University of British Columbia
alumni to elect the university's
Bill 34, or the University
Amendment Act, makes history of the election process
altogether. From now on, the
Board of Governors will appoint
the chancellor after nomination
by the Alumni Association and
consultation with the Council of
The elimination of the election process has ruffled more
than a few graduate feathers. In
a resolution put forward by the
Council of Senates to counter the
bill, Ronald Yaworsky, chair of
UBC's Council of Senates Elections Committee (CSEC), states,
"this provision was advanced in
the absence of consultation...with
our Convocation, our Senates,
and critically, our Council Elections committee." The CSEC, he
concluded, opposed the bill.
The opposition had little effect. On May 22, the third reading of Bill 34 was passed, receiving Royal Assent a week later.
Yet despite her Majesty's
across-the-pond endorsement,
the bill remains an object of dissent. Students' exclusion from
the election process has drawn
strong opposition from the
university's Alma Mater Society
"Student representatives to
Senate appreciated being involved in the election process-
now UBC students don't have
a voice," says AMS President
Michael Duncan. "In addition,
[the election was]...one of the
few ways Alumni were engaged
with UBC.
"This further disconnects
them from the UBC community,"
Duncan said.
The prestige of the chancellorship adds to electors' reluctance to give up the vote. Lawyer
and UBC alumnus Timothy
Louman-Gardiner described the
Chancellor as a ceremonial and
well-respected citizen whose
voice carries significant weight
in the Board of Governors.
Though Louman-Gardiner
personally claimed not to stand
on either side of the issue, he
called the election process "a
neat way to connect to alumni,"
as well as noting it is a fair election process.
"It gave me a chance to contact everyone in my office and
say, 'Hey, ifyou're UBC alumni,
please vote.' Even if they didn't,
the chance was there for them."
However Louman-Gardiner,
doesn't see the end of the Chancellor elections as seriously disconnecting alumni from the rest
of UBC.
"Alumni have a lot of ways
to get involved in the university.
The Chancellor is but a small
part of that."
The AMS, meanwhile, took action against the slight to student
influence. Stefanie Ratjen, AMS
Vice President External, sent a
letter to the Hon. Murray Coell,
British Columbia's Minister of
Advanced Education, outlining her concerns regarding the
"Some people would say that
no one really had any say in the
election anyway," says Ratjen,
referring to the fact that most of
those who had previously been
able to vote were alumni, not
"But I think it's significant
because it's another tick along
the road towards an institution
where [students] have very minimal say.
"Just because we don't have
as much of a say, doesn't mean
we should abdicate from that
process altogether."
Coell defended the bill's
capacity to reflect community interests. "The amendments maintain the important participatory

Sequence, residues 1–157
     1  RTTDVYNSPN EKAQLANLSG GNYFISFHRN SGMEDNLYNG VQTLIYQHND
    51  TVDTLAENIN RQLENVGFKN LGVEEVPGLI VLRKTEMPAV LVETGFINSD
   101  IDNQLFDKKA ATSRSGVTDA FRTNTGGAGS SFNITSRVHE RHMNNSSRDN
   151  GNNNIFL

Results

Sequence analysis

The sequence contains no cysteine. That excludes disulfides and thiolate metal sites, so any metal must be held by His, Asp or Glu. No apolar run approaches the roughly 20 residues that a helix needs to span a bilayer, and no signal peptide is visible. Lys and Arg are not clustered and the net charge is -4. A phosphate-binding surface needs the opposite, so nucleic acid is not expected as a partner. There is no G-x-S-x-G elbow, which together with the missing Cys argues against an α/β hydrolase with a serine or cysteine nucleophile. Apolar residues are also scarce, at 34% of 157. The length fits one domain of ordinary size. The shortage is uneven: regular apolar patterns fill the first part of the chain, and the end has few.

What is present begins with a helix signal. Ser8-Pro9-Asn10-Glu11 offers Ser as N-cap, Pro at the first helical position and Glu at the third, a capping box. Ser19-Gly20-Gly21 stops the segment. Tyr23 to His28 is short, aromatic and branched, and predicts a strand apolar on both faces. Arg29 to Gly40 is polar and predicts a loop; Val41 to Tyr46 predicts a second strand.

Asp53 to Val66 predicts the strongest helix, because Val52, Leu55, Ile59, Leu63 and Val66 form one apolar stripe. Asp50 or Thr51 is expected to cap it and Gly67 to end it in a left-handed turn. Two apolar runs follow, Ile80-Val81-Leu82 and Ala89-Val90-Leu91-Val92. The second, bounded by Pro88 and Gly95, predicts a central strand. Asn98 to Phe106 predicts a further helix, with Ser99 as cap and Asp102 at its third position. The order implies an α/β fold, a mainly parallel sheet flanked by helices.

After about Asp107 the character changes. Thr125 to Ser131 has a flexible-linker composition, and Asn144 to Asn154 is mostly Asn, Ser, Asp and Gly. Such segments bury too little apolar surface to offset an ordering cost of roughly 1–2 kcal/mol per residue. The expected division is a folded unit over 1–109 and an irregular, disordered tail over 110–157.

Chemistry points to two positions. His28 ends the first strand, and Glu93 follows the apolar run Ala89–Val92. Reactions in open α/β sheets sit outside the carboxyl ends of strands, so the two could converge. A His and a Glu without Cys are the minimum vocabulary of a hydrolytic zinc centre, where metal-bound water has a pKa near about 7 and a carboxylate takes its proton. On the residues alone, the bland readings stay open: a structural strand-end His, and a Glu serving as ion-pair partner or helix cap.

role of alumni associations [and]
senates...while    providing    for
vote or die?: UBC students can't vote for the Chancellor, goh iromoto & drew Thompson photo illustration / the ubyssey
a more effective selection process," he wrote.
Coell went on to emphasize
the administrative and financial advantages of chancellor
appointment. "The previous
process...has required institutions to implement expensive
election processes," he said in
an interview, adding that the
"appointment process is similar
to the process in place for most
universities across Canada."
He then turned his attention
to  statistics.  "In recent years,
electoral participation has fallen
to levels as low as one per cent
of eligible voters," he wrote, suggesting that those who could vote
in the elections were not necessarily leaping at the opportunity.
Whether that low turnout
owes itself entirely to voter disinterest is disputable. Yaworsky
and the Elections Committee
places blame on the university
for having "significantly reduced
the publicity around the election
and its nomination process."
Taking   away   the   election
altogether is drawing criticism
as being an undemocratic solution. "You see low voter turnout
all over the place. Just because
people don't vote, doesn't mean
you can take away their right to
vote," argued Louman-Gardiner,
In Ratjen's view, Bill 34 is
only one example of the many
changes applied to post-secondary institutions by the provincial
government: "Our universities
are increasingly run by appointed officials in whom the public
has absolutely zero say." Xi
Stretch for charity
AMS Briefs
stretching to the max: July 12 filled Thunderbird Stadium with over
2000 participants in the 6th Annual Camp Moomba Yogathon and
Blissfest, a festival celebrating community and sustainable living
flee far and wide once exams
are done in April, their student
government, the Alma Mater
Society (AMS) is still hard at
work throughout the summer.
Student Council is the highest
elected decision making body
of the AMS, and they meet every